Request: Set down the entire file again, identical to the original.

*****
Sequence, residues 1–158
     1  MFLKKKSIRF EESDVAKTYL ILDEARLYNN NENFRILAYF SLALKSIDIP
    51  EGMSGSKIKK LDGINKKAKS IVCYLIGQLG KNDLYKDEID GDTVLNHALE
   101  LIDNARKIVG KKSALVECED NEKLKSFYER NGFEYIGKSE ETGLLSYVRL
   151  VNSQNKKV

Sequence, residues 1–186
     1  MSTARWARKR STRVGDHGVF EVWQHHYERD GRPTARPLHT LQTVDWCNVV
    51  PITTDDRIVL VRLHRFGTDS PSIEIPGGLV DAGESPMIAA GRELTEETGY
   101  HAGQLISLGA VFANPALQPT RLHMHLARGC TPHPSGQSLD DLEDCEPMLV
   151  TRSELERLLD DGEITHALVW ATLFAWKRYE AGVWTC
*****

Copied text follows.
Sequence, residues 1–158
     1  MFLKKKSIRF EESDVAKTYL ILDEARLYNN NENFRILAYF SLALKSIDIP
    51  EGMSGSKIKK LDGINKKAKS IVCYLIGQLG KNDLYKDEID GDTVLNHALE
   101  LIDNARKIVG KKSALVECED NEKLKSFYER NGFEYIGKSE ETGLLSYVRL
   151  VNSQNKKV

Sequence, residues 1–186
     1  MSTARWARKR STRVGDHGVF EVWQHHYERD GRPTARPLHT LQTVDWCNVV
    51  PITTDDRIVL VRLHRFGTDS PSIEIPGGLV DAGESPMIAA GRELTEETGY
   101  HAGQLISLGA VFANPALQPT RLHMHLARGC TPHPSGQSLD DLEDCEPMLV
   151  TRSELERLLD DGEITHALVW ATLFAWKRYE AGVWTC